Titan and Railgun remain as the two top least serious business anime on my watch list. Especially Railgun. I see people taking it seriously all the time, though… I don’t get how people can do this without making a fool out of themselves.

Free is a fun watch on its own merits. The manservice for the most part can be side-stepped easily. I don’t think the rest of the show is really that noteworthy–about on par with Tamako Market I guess. My complaints still stand, but the animation and story is enough to keep my attention.

Kaminomi is also a lot of fun, as a non-manga reader. It’s not often you hear Asumin and Ayachi in roles like these. This third season of Kaminomi changes the gambit of the show for me–my favorite episodes in the last 2 seasons were the filler ones. By pumping the plot forward like season 3 they removed some of my complaints about the forced pacing, but it also took those charming down-time moments away. I guess I can’t say I like it, but it certainly can be a lot worse.

Eccentric Family is my top show this season and easily a top 5 candidate for 2013. No need to waste my breath at this stage, lots of other people are doing it. I’ll take my time to think about it…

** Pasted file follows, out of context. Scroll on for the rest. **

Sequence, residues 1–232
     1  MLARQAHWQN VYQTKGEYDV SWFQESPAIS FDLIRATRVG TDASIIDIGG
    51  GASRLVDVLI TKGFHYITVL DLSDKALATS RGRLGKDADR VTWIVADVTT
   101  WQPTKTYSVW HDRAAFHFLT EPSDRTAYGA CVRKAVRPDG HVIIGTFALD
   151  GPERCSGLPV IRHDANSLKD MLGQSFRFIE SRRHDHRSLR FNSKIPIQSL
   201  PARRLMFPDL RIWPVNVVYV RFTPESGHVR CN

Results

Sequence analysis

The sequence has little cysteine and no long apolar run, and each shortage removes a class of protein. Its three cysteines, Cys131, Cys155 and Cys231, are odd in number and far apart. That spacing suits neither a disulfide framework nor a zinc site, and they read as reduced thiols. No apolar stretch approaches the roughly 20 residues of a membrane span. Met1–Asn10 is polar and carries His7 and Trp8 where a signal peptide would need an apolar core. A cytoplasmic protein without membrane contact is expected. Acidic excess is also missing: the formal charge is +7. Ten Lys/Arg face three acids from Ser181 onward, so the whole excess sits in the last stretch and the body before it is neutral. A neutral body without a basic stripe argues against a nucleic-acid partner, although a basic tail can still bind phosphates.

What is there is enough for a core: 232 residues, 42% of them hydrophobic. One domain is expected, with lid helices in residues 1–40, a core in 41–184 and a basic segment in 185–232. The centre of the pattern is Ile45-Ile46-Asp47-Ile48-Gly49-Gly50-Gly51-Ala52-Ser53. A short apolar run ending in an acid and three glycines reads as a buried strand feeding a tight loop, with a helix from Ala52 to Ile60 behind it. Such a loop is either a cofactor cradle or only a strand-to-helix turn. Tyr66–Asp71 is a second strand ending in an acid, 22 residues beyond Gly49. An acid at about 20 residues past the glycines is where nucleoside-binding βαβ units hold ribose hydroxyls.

The surprise hit this season is actually Love Lab. I really dig the way it gives a normal girls-be-girls kind of a setup, a backbone. It also has boys. It’s overall just delightful. If anything it could be funnier.

Genshiken Niidaime is as good as I expected to be, which is a high bar to clear. It’s still one of the best meta anime out there in recent memory. But because I expected this, it’s not particularly delightful since it can’t quite surprise me. Even if I have the manga and have been saving it until I’m done with this anime. I really enjoy some of the cross-cultural jokes especially.

Well, I probably should watch K3 before making those claims about Genshiken. I saw some cool caps from that show. But it doesn’t distinguish itself beyond the really nonsense stuff. Is this show any better than Kinmoza?

C3-bu, on the other hand, is a big surprise  in a different way. I also really enjoyed it but I had a hard time talking to people about it because following that show on CR is basically following it a week behind. It comes out on Mondays and the new episode airs Thursday–given how busy I was this summer I basically end up watching the episode usually on the weekend, Thursdays being the earliest. Sorry Crunchyroll, please never do this.

As for the show itself, in a way I like how it approaches the pathos from the “negative” side of things. You can state the problem in a negative way or a positive way, and the solution would feel very different depending on how you approached it. I think it’s a great litmus test. I also love how it gives Yura all these “reality marble” sort of way to show whatever it is C3-bu was trying to get across. Anime no Chikara yo. In a lot of ways this is a great show, in the way that, for example, MJPR fails to achieve.